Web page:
Thank you all for saying such nice things about that opening scene. Must say that I quite like it myself!! It was one of those scenes that sort of wrote itself. I could see it, like a movie, in my mind and I just wrote down what I saw and heard.

Best of luck, and no procrastination (my besetting sin) to all those working on their books. That includes revisions as well, Biddy.

Can't resist picking up Donna's comment about the blurb. The extract is all Joanna Maitland, whereas blurbs are written by editors. When I'm choosing books, I tend to glance at the first couple of pages rather than the back cover. Sad, or what?

Thanks for adding the hintette to my comp question, Liz. And I hope that Snookie and others have now discovered the answer.

Best wishes

mulberry said...

I entered the contest- hope I'm not too late as I've been away for work and no chance to read my fun emails, only the serious work ones. That except has made me desperate to read the whole book and I will definitely buy it if I don't win! Thanks Joanna!

Well, I have to confess I haven't read Liz's book in question, I cheated by Googling, but I'm going to search out a copy now! I know a lot of M&B readers don't like first person, think it's too chick litty, but I reckon Liz would carry it off superbly. The Secret Life of Lady Gabriella is one of my all time favourite books, because it does have that light Chick Lit feel but with an emotional depth most Chick Lit lacks.

Anonymous said...

Hi Mulberry. Glad you enjoyed the excerpt and even gladder you're going to buy the book!!

You're absolutely right about Liz's ability to carry off a first person story. The book in question was definitely a ground-breaker but it is also a terrific romance as well. One of my keepers.

Best of luck to everyone who has entered the competition, whether they found the answer on Google or not.


Kate Hardy said...

Happy wiggles from here - my copy of His Cavalry Lady arrived today.

Now I need to FTDB so I can read it :o)

I have some SERIOUSLY good books in my TBR bookcase.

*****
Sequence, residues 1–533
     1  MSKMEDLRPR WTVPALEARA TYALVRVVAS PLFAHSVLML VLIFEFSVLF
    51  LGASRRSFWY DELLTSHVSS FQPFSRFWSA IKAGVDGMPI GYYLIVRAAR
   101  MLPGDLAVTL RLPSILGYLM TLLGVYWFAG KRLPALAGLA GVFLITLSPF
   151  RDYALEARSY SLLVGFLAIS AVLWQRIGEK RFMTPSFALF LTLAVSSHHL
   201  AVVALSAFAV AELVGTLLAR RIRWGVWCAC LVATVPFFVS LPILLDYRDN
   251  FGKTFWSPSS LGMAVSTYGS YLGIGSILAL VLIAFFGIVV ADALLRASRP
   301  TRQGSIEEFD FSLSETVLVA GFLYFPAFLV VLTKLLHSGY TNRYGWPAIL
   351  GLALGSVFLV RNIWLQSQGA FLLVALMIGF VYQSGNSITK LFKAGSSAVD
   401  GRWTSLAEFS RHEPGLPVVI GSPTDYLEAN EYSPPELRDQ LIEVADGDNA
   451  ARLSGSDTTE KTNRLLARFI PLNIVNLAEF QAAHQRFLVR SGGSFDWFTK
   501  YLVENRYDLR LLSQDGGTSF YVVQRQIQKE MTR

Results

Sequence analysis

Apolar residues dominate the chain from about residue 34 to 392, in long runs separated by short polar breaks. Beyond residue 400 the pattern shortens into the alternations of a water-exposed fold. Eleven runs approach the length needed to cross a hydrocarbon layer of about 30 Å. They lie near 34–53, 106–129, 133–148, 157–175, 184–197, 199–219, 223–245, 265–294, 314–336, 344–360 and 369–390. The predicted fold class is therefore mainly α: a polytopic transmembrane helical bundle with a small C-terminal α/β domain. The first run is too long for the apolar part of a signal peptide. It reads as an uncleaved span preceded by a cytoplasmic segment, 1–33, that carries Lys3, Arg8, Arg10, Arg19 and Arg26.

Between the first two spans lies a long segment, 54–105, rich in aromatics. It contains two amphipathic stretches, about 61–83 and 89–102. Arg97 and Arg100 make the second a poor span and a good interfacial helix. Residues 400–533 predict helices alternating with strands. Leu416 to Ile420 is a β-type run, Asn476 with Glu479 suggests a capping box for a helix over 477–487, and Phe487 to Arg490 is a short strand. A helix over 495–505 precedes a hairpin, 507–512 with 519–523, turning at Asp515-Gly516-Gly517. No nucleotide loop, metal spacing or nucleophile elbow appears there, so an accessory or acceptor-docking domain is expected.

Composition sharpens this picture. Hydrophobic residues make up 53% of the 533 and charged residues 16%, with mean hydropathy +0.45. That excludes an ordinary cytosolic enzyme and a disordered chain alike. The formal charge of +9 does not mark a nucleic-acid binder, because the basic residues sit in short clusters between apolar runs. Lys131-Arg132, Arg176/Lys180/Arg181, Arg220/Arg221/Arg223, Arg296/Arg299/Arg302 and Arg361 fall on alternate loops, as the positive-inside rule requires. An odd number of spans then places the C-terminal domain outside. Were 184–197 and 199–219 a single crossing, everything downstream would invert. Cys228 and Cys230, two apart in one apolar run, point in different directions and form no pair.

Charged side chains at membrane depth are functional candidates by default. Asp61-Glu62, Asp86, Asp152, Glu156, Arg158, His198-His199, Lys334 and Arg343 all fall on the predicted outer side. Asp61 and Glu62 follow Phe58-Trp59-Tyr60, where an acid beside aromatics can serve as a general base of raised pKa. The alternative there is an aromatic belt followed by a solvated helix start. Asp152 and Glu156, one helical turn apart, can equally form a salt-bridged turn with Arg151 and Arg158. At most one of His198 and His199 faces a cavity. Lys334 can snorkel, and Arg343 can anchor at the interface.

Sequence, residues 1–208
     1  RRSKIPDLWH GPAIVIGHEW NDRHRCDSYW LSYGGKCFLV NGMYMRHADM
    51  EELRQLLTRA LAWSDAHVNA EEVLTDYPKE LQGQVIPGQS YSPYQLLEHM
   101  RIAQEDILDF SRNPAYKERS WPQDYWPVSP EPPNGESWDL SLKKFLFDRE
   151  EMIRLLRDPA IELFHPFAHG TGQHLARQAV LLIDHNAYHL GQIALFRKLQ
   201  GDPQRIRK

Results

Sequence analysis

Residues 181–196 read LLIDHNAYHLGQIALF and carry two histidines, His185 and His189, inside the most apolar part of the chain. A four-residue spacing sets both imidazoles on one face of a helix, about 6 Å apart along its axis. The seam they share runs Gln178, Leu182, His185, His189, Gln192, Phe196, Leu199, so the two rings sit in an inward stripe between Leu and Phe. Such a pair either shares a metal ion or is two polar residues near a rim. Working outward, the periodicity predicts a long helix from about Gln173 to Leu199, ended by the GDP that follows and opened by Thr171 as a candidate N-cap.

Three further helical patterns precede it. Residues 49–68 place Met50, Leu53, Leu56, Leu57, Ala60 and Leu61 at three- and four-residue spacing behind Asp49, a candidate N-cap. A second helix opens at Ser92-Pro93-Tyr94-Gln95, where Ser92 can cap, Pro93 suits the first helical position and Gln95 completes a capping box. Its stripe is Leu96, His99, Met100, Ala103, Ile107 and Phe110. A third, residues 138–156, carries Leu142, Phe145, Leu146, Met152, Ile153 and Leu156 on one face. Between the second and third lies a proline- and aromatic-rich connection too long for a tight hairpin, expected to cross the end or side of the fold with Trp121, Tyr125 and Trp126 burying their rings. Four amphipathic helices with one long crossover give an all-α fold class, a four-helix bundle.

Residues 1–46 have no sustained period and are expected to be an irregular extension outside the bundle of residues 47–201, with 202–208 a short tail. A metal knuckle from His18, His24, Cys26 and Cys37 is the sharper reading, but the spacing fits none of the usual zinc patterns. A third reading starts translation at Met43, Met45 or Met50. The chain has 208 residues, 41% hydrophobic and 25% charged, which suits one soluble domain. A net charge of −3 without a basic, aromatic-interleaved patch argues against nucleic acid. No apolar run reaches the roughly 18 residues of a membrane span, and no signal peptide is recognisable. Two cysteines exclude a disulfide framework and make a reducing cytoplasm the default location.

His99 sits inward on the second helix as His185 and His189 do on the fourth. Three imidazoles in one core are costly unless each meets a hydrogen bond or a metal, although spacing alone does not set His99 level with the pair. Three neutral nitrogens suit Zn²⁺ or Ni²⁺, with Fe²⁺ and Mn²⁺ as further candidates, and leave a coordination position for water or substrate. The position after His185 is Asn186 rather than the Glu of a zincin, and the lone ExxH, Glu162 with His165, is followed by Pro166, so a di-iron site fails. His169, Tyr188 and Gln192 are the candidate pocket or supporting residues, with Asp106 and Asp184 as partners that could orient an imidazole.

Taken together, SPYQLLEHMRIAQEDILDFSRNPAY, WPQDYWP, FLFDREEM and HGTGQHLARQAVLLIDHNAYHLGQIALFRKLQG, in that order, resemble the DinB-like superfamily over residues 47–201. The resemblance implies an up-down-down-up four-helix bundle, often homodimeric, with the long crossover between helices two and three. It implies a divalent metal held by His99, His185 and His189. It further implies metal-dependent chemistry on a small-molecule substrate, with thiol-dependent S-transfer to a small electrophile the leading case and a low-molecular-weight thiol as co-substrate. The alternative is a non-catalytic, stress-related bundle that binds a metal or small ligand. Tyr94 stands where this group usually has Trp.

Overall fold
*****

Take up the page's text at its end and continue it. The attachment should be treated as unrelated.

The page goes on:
Donna Alward said...

LOL Joanna on the blurb thing. I am a multi-faceted buyer and it's changed since I became an author myself. I look for authors I KNOW first of all...which somehow gets to be a longer list with each passing week! Then I look at the cover...then I read the blurb. And then...I open it and if the first few paragraphs are bang on - in the cart it goes.

And then there are some that I KNOW are coming out because I've read snippets and I wait for them to be released and just snap them up!

And as Holly Jacobs said today...I think my tbr is breeding! LOL

Snookie said...

Liz, I just watched the video for your daughter's wedding. What a beautiful tribute!

Anonymous said...

Yes, Kate, I'm in FTDB mode, too, I'm afraid, which is why I haven't posted here this week. Panicking, moi???

My TBR pile is breeding too, I think, Donna. Yesterday, I received a gorgeous Australian edition of my 2007 book Bride of the Solway (the one set in Scotland) in an anthology edition with Margaret Moore's The Notorious Knight which I hadn't read. So of course I just dipped into it for a moment or two...

Which reminds me. I did check with my editor about when His Cavalry Lady might be published in Australia. Sadly, she couldn't give me any firm information. However, I'm hopeful it may be soon since Bride of the Solway has been published within 12 months of the UK edition.

And now back to finishing the **** book!

Best wishes